First Class Hotels SIWHEARD’S nmL 8 Sharia Kamil, hhvccn Sharia Alfi Bey and Sharia Dubre. 350 rooms, apartment suites available, prices hm 160 P.T. per room per night. Some suites 1 £I3 to 2 fE per night. Open 1 November to 15 May, closed during the summer. The hotel’s spacious terrace is the site of nightly concerts; a ball is held every night in the high season. A garden in back provides a1 fresco dining and also has a large raised dance floor in the center. There is a restaurant and grill room, a bar, and post and telegraph offices open 24 hours a day. All major theaters, most night clubs, and the Cairo Opera are within easy walking distance. Shepheard’s hotel is the place to stay in Cairo. The starting point for every expedition, safari or tour of note, its corridors bustle with the pith-helmeted rich and idle of all nations. It has been said that “Alexandria is merely a signal stop on the tourist road to Shepheard’s.” While the 8~~0mmodations and food are no better than many other hotels in Cairo, it is the place to meet people of influence. Five minutes from the railway station, and the center of social life for Cairo’s well-to-do, the serious traveler cannot afford not to stay at Shepheard’s. This reputation is well earned, but fails to hide the fact that the hotel backs on to a block where the desperately poor live crammed together, their livestock tethered on their rooftops, and that the prostitutes’ quarter begins just across the road to the west. A bulletin board in the foyer holds public and private notices of interest to the European community of Cairo. The board lists houseboats to let, flats available, notices of meetings at clubs, and when and where forthcoming social functions are to be held. Doors at the hotel are never locked, although keys are always provided. All staff are scrupulously honest, as far as the belongings of guests are concerned. The only thefts occurring during the 1920′s are conducted by a small gang of French jewel thieves. A Chubb safe, located in an office behind the hotel desk, is at the disposal of all guests and staff. Advertised as being the most burglar-proof safe in Cairo, it was never robbed during its existence. At four stories high, with round cupola towers at each corner and a colonnaded entry foyer and portico, Shepheard’s is an impressive building. From the upper floors the whole vista of Cairo can be enjoyed, the flatroofed houses gleaming in the midday sun or moonlight. From west-facing rooms, the pyramids lurk on the southwestern horizon, beckoning to the tourist with promises of ancient mysteries and marvels waiting to be uncovered. The smell of hot dust rises into the air as the varade of human, motor and beast traf6,c passes in the strekt below, and at regular intervals the constant munnw of life is punctuated by the ululations of ‘the muezzins in their minarets calling the faithful to prayer. Stables and garages at the side of the hotel house the cars and donkeys of exmtions preparing to set out into the unhown deserts, and huge caravans of people and goods assemble in front of the hotel when the adventurous prepare to leave. Special function rooms at Shepheard’s include the his Room and the Moorish Hall. These are often booked for private functions, dances, or club meetings, and are lavishly furnished in typical Egyptian decor. The hotel is redecorated each year during the summer, and reopens each winter newly polished and finer than the year before. The original Shepheard’s Hotel was built in 1849- 1852 on the site of the Palace of Mi Bey (1750′s). There were a smaller palace and a temple on this site (dating from 900 A.D.), which were leveled before the newer palace was built. Bey’s palace was Napoleon’s htadquarters during the French occupation (1798-1799), and later became Muhammed Ali’s School of Languages (1815- 1847). When the fist hotel was built, the palace was leveled; the current building sits over the previous ruins. The cellars excavated for the hotel cut through and across the ancient temple and palace cellars, as well as tunnels excavated by Bey, Napoleon, and Ali The original hotel, only two stories high, was replaced in the late 1800′s by the current building. Note: Shepheard’s Hotel burns to the ground in 1952 during the revolution that forces the British out of Egypt. The modem Shepheard’s Hotel stands on an entirely different site.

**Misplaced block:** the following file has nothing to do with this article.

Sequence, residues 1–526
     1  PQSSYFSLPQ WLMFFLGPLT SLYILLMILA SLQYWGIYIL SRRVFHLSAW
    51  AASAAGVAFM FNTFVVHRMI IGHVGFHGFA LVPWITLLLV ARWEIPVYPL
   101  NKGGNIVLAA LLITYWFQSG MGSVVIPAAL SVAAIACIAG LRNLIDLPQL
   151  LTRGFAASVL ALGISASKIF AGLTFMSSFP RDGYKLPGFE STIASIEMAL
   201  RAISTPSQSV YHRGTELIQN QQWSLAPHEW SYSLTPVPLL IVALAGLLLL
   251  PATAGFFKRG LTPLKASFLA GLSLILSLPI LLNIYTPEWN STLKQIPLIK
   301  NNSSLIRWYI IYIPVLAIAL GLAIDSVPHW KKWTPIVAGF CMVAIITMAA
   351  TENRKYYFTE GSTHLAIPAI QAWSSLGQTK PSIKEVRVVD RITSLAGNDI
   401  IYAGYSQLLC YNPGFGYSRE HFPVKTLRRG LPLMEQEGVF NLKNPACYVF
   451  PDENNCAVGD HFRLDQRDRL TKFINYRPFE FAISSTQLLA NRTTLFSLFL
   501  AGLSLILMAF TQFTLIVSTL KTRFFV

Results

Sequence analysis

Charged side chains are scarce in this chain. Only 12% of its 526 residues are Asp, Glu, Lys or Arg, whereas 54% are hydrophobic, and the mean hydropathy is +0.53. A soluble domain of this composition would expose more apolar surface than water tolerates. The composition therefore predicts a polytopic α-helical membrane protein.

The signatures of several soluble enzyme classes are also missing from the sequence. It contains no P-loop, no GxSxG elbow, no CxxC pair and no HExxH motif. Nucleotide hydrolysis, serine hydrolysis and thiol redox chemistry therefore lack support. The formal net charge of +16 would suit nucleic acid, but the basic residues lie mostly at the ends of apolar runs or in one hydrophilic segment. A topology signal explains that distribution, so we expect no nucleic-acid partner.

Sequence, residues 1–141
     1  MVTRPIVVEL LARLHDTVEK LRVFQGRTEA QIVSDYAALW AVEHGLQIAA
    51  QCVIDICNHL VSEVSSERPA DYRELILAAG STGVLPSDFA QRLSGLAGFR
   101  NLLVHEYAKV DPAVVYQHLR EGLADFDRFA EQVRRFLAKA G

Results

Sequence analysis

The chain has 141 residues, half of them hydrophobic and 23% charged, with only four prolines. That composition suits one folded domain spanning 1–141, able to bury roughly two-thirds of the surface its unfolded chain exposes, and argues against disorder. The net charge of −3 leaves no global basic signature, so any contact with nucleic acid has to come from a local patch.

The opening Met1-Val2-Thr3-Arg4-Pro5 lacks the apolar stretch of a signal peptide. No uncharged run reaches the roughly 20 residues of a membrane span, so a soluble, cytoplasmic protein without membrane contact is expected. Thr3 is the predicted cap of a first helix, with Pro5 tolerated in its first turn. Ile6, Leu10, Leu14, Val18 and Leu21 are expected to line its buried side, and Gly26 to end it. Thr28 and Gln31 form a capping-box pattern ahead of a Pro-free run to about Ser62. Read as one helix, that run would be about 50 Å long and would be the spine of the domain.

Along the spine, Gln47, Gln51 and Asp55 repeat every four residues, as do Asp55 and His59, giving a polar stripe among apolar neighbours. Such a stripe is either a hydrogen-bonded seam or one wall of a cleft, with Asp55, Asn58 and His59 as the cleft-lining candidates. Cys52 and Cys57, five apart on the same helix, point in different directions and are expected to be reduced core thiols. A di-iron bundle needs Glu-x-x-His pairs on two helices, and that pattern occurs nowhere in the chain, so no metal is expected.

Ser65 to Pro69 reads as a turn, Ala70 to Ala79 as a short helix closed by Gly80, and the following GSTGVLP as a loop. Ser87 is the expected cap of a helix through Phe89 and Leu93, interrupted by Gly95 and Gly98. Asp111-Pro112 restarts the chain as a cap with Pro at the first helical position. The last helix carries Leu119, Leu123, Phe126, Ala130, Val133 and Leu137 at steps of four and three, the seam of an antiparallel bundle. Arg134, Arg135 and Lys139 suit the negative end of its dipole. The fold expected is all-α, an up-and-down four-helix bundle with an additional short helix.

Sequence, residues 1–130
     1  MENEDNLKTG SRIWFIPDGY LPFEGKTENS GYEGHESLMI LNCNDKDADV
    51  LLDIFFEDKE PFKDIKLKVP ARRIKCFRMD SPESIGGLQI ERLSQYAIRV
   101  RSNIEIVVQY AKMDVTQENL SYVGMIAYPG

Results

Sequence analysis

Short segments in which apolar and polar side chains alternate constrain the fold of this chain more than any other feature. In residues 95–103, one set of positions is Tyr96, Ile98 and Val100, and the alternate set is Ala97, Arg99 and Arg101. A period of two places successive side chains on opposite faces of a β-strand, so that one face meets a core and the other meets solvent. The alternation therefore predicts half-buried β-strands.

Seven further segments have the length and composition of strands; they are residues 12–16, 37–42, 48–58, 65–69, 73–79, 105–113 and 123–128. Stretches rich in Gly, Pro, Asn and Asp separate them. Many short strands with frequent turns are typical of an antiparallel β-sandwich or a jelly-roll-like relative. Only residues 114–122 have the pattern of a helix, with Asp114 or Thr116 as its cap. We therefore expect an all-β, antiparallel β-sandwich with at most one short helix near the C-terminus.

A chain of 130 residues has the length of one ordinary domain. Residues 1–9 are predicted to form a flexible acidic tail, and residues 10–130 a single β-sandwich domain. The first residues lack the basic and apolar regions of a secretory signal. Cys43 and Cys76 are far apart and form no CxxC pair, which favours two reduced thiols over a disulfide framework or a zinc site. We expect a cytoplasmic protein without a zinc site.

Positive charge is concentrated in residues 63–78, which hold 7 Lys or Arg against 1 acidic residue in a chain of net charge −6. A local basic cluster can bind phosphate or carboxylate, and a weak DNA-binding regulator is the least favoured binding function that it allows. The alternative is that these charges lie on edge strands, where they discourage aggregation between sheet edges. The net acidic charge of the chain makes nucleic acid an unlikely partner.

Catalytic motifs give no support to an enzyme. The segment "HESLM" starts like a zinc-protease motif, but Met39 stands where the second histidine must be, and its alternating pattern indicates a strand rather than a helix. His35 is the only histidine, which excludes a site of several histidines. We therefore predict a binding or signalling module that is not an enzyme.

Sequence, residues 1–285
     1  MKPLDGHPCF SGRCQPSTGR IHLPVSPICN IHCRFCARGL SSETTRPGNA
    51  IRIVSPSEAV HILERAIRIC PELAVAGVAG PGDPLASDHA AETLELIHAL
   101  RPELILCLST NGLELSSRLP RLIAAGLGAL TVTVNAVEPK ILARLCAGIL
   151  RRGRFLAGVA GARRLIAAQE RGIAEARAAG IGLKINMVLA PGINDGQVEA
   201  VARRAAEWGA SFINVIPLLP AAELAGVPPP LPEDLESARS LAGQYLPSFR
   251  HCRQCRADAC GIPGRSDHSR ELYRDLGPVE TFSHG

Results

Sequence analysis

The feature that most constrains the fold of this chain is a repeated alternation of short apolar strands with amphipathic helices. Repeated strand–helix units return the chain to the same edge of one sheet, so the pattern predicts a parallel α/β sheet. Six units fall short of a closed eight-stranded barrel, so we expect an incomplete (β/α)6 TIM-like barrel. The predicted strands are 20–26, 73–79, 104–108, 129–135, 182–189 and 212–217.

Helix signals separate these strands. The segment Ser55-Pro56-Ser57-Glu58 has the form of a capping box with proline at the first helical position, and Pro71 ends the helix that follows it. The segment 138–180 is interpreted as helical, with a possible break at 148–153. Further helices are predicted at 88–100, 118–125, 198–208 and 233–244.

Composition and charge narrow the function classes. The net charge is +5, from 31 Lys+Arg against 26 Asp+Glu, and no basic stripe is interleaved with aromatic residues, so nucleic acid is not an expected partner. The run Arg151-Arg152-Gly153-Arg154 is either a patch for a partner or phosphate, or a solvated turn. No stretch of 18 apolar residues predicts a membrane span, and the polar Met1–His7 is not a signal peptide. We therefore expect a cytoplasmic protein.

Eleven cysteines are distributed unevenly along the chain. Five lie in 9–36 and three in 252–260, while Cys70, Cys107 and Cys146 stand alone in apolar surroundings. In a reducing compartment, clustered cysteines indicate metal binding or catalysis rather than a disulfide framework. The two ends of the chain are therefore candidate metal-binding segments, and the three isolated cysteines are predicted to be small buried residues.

Taken from this 1920′s Guide to Egypt/Cairo. Page 23 onwards. The text did not copy well from the paste. So best to use the PDF to read.
Granted, as a few have pointed out to me also that the grid co-ords, do not reference and known mapping system, so therefore surely could not be a map ref.
Why it was reversed did boggle me and maybe it is not actually the correct map.
A further point to note would be that the grid was not on the orginial manuscript and added at a much later date.
I have since stumbled across another individual who deems it to also be map references. Albeit in an entirely different region of Egpyt. The Temple of Dendera.
Then the circle squared in its failure… points to two different areas… Nag Hammadi or is it actually an Island in the top left???